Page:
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Cops shut down pageant, school chairman angry

Published:Wednesday | May 30, 2012 | 12:00 AM
Superintendent Egbert Parkins

Adrian Frater, News Editor

Blames rejection of agreement with high-command for targeting


Calvin G. Brown, the chairman of the board of governors at Anchovy High School in St James, is now hopping mad as he thinks the police were unprofessional in shutting down last Saturday night's Miss Anchovy High School pageant prematurely.

"It is our belief that the pageant was unceremoniously shut down because the school refused to pay the $41,000 demanded by the St James Police High Command to send police security to the event upon our application for a police permit," Brown told The Gleaner.

An incensed Brown said he was particularly peeved because the demand for payment was done contrary to the clear guidelines set out by the commissioner of police for the engagement of off-duty policemen for private duty.

"We had an arrangement between the St James police and the chairman of the school board for the function to continue until at least 1:30 a.m.," said Brown.

"However, a police contingent sent to the school and headed by an inspector was adamant that the function should be shut down at 11:30 p.m. as per their instructions."

Accusation denied

However, when contacted, Superintendent Egbert Parkins, the commanding officer for St James, flatly denied the board chairman's accusation, stating that the matter was handled professionally and within guidelines of the Jamaica Constabulary Force's (JCF) policy governing how such matters should be handled.

"Initially, we were not told it was going to be a school event by the person (not Mr Brown) who requested the permit to stage the event," said Parkins. "They requested a cut-off time of 12:30 a.m. to 1 a.m. and that was granted ... . In fact, the event went on until 1:30 a.m."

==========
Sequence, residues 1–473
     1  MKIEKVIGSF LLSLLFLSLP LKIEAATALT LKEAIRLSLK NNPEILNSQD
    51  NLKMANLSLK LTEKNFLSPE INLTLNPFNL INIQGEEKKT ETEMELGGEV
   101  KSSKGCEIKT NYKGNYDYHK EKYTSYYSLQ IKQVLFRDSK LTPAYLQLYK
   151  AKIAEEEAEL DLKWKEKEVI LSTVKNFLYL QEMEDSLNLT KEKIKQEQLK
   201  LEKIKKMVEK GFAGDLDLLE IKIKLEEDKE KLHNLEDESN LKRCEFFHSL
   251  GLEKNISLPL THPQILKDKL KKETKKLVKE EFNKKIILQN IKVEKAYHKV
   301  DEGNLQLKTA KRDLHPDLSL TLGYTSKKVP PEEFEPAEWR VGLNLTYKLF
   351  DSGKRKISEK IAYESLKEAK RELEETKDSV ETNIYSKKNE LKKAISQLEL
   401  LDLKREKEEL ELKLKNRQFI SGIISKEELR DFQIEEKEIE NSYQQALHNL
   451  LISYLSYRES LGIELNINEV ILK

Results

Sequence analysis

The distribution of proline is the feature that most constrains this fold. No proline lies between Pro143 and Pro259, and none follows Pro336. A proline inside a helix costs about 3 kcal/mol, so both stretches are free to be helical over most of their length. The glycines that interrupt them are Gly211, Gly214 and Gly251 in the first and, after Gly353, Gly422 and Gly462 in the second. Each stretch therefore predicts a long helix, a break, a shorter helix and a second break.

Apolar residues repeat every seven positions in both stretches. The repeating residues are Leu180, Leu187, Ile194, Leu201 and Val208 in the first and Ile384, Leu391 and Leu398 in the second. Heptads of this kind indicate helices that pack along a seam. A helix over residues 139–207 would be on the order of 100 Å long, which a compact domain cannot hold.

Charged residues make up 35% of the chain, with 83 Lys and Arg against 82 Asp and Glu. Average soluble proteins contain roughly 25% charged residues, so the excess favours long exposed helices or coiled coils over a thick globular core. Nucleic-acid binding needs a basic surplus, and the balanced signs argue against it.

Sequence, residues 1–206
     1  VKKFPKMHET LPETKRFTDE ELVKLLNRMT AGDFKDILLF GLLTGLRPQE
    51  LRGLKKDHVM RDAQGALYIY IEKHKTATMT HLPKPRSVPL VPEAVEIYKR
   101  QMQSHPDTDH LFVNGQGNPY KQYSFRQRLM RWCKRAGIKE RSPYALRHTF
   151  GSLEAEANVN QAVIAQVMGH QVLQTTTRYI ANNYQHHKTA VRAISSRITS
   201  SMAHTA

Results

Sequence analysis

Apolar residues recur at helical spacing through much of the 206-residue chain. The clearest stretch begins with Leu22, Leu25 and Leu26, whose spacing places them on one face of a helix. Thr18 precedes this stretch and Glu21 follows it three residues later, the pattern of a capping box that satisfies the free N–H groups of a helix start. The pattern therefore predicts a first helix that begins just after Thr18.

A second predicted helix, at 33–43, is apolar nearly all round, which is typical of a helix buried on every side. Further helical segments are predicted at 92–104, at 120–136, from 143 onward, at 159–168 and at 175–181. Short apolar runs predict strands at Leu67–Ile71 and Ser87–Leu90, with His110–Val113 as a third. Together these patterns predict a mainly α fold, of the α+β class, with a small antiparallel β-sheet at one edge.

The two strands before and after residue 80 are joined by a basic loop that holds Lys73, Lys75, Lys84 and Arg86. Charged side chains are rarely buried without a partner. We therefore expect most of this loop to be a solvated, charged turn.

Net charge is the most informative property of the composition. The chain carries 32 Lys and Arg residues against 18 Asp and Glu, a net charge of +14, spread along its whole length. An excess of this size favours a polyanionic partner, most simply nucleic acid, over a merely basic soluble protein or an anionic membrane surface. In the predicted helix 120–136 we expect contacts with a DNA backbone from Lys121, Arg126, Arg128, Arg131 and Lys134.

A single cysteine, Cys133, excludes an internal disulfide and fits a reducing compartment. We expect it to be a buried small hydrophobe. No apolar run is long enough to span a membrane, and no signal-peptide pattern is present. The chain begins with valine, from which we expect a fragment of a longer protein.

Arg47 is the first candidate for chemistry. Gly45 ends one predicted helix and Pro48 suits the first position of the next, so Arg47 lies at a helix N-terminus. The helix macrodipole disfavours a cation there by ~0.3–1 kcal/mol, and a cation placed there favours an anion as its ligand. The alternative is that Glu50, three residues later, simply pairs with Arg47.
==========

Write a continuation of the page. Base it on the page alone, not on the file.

With regard to the $41,000 which Brown said the police requested to provide security, Parkins said everything was above board and in line with the JCF's policy.

"We use off-duty police for these events and promoters are charged according to the ranks of the personnel involved, the hours they are needed for, and a 10 per cent administrative fee," said Parkins.

"We do not use active-duty personnel to provide this type of service ... . They do regular police duties, and there's no charge for that."

However, because the off-duty policemen are working with the approval of the Police High Command, they are allowed to wear uniforms, which could lead to the belief that they are on regular duty.

"Once we negotiate a security arrangement with a promoter, we get them to sign a contract," noted Parkins. "The contracts are then sent to the office of the police commissioner for approval ... . So basically, all contracts have to be approved at the highest level to be valid."

Patrons discouraged

However, in insisting that the event was shut down early, Brown said he was reliably informed that police personnel at the venue even tried to discourage patrons from attending by informing them that the event would end early.

"Many patrons attending the function complained that they were warned by the police prior to entering the venue not to attend the function as they would 'lock down' the activities at 11:30 and not a minute more," Brown said.

As a means of soothing those patrons, whom he said were short-changed by the alleged actions of the police, Brown issued a public apology.

"We take this opportunity to thank all our patrons for their patience and excellent behaviour in the face of what could have been an ugly situation, given the fact that neither the Miss Anchovy High queen was crowned nor the guest artistes - Tommy Lee and Tifa - were allowed to perform amidst rising tension."